1. You will hear "No"... A lot.
Here's the thing, you will go on a lot of auditions and you will not get cast in a large number of them. This DOES NOT make you a bad actor. See in the city they have a ridiculous number of actors to choose from. The actor who gets the role doesn't have to be any better than you, they just might fit the part better. Professional actors are "Typed" and that means based on your look you will be considered for a specific selection of roles and most of the time not considered for others. Knowing your type is a huge advantage for a professional actor, because it allows you to choose your audition material in a way that will highlight your type and therefor make it easier for casting directors to imagine you in a role. One of my teachers at New Paltz, Paul Kassel, said it best, "You might be the best Orange they have ever seen, but if they are looking for an Apple you are not going to get the part." But you still give it your all, because next time around they might be looking for Oranges... Which leads me to my next point...
2. You never know who you are talking to/performing for.
I once did a Commercial Acting class at Weiss-Baron down in NYC. An outside observer came in to watch our final presentation. Turns out said outside observer was a casting agent. About a year later I got a phone call out of the blue from my agent, "Michael, a casting agency called and they would like you to be an extra in a movie." The casting agent, we discovered, was the observer from Weiss-Baron who happened to be looking for kids to be extras and remembered me from the Commercial Class an entire year previous. The flip side of this is something I have seen happen before as well. I went to an audition where another boy was complaining to one of the receptionists who happened to be walking by about how he had been waiting too long for his audition. When I went into the audition room a few minutes later, guess who was not only running the audition, but also the casting director... If you guessed the man the other boy thought was just a receptionist, you would be right. The moral of this story is always be on your best behavior when in the city, you never know who might be connected.
3. Sometimes people know your competition.
So you arrive at your audition, you are all excited, the receptionist says "Hi" and directs you to the waiting room. The kid behind you comes in and the receptionist leaps up, "Hey Johnny! How have you been? How's your mother doing?" It is clear that "Johnny" has worked here before, and probably has a leg up on people they don't know. Don't let it shake you, just do your best.
4. Lots of times, you will be acting your part of a two person scene across from someone who sounds like a robot.
Okay, that is a weird sounding intro, but let me explain. You go into your audition, you get into character and speak your first line with all the acting and gravitas it deserves. Then the Reader who they hired to be your "scene partner" (I use the term as loosely as humanly possible) looks down at his script and reads the response in a disinterested monotone. It is one of the hardest things in the world to act against, a scene partner who gives you absolutely zero, and it doesn't happen every time, but unfortunately more often than not. See, Readers are paid to read the scene partner lines so that the people behind the table can focus on the actor auditioning. They literally read the same lines over and over again, for sometimes hundred of actors, over a couple of days. I don't know if they just can't work up the enthusiasm for it anymore or if they are instructed to read it that way as to not influence your performance... Either way it is really annoying... As has been the theme, don't let it get to you, just do your best.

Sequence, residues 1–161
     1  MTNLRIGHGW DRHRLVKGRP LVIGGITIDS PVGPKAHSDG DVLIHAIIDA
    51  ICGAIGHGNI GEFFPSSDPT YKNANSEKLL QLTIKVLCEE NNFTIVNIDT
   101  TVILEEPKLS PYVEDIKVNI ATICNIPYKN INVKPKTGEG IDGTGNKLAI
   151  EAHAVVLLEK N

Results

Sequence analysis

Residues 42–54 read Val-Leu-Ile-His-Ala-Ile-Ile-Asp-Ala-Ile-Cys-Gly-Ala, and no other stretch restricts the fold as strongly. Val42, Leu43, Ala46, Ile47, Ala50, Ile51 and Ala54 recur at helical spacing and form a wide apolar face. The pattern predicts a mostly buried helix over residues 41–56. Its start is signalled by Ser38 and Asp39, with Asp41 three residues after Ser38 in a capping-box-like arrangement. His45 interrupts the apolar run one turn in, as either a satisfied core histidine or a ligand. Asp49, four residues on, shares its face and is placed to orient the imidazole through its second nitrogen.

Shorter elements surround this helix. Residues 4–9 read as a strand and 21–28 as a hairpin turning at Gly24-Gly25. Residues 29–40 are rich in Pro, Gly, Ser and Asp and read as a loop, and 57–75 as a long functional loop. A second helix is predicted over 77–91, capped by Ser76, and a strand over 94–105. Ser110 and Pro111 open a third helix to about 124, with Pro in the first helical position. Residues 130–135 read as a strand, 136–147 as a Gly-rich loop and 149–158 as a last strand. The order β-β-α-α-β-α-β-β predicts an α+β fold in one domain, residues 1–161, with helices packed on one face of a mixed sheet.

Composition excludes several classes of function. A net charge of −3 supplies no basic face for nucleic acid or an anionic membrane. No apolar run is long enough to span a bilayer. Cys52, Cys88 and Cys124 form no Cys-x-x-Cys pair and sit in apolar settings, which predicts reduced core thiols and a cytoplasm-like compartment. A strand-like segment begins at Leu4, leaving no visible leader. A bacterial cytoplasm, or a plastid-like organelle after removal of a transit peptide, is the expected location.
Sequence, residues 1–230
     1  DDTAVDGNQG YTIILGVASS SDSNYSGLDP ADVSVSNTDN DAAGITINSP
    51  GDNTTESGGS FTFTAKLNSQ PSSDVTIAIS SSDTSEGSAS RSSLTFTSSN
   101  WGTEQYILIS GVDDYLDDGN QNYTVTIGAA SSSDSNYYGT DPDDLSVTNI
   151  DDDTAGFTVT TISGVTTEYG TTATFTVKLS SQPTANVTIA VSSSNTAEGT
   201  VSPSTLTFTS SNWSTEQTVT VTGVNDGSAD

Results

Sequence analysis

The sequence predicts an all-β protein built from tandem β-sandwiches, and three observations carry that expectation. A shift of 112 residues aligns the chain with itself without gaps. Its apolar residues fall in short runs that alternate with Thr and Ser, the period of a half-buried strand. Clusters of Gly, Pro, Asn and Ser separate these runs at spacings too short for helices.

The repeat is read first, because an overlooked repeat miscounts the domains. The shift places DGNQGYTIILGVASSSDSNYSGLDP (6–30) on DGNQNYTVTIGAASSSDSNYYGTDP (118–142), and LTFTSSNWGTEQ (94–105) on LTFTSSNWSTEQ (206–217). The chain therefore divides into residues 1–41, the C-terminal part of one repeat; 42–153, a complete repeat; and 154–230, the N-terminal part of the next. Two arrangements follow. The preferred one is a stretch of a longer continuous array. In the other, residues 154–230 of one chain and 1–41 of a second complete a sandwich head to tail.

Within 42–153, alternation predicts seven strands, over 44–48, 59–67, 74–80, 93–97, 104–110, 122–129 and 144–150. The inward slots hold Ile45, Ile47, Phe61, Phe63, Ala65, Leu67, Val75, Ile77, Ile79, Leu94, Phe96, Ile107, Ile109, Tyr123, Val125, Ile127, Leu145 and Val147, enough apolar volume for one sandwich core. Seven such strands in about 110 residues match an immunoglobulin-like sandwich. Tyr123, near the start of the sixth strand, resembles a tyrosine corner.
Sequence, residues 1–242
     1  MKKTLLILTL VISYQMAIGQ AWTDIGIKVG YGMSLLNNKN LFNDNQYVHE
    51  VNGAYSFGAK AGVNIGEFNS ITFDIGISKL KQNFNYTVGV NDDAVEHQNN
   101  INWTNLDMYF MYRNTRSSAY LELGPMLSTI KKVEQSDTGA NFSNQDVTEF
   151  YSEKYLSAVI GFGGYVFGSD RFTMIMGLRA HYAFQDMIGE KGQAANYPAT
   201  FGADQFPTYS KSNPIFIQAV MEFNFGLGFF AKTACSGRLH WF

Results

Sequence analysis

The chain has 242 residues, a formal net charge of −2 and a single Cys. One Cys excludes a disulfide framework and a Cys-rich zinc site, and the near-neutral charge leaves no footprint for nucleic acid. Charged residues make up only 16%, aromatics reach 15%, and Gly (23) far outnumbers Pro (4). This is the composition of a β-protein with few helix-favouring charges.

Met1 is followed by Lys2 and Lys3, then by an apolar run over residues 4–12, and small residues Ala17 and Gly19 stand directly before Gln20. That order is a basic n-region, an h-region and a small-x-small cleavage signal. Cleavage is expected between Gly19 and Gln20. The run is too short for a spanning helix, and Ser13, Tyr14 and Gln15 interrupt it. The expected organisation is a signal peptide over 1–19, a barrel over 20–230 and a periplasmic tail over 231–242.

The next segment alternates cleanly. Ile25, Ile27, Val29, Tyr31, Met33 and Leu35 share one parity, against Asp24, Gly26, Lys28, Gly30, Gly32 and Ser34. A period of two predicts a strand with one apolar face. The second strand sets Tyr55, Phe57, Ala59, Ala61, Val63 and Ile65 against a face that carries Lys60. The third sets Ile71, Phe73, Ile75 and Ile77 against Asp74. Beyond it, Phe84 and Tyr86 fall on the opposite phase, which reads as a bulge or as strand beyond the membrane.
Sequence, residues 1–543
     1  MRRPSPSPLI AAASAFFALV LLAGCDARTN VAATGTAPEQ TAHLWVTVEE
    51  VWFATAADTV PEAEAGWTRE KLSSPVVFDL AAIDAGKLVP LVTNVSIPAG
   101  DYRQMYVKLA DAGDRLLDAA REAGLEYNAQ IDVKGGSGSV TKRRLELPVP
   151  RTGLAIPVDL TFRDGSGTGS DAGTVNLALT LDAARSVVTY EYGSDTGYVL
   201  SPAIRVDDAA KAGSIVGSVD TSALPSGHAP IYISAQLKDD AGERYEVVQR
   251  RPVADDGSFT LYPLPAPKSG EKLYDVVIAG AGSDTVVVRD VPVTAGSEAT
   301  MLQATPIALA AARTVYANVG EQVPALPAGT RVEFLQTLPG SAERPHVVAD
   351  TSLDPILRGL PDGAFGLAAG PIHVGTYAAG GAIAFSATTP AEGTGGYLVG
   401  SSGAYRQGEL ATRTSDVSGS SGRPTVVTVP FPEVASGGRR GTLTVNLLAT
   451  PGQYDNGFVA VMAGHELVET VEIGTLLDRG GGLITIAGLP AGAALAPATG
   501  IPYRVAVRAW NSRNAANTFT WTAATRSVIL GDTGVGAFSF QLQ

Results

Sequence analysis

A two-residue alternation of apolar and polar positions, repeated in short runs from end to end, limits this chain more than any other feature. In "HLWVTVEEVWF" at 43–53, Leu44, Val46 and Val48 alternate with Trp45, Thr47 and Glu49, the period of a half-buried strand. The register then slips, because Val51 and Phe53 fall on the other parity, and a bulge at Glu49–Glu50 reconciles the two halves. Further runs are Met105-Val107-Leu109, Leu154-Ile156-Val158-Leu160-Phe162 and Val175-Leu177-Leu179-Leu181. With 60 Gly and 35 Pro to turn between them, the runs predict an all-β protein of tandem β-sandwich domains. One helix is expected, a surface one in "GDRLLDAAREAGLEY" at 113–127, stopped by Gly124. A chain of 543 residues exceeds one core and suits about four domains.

5. You have to LOVE auditioning, possibly even more than performing on stage.
Most of us think of auditions as scary things, we are going somewhere to get judged on something that means a lot to us, that is scary. Most of the time we are not 100% and we have to go do our best anyway. But as I said before, most of the time you are not going to get the role. That may sound harsh but it isn't, it is simply the nature of the business. That is why you have to make yourself love auditioning. You love to perform right? Don't look at auditions as a test to see if you are allowed to perform somewhere else, think of every single audition as a chance to do what you love, perform! Those people at the table are not judging you, they are your audience, and believe it or not, they want you to be amazing! Because then their search is over, they have found the one. If you subscribe to this philosophy two things will happen, first you will handle the "No"s better, and second you will give consistent, strong auditions without the nerves getting in your way.
Professional acting isn't easy. But you should always strive to make your dreams come true. I hope this series has given you enough information to make some educated decisions about acting as a career and the necessary information to put your best foot forward if you decide to pursue it. As always feel free to comment either here or on Facebook with any questions.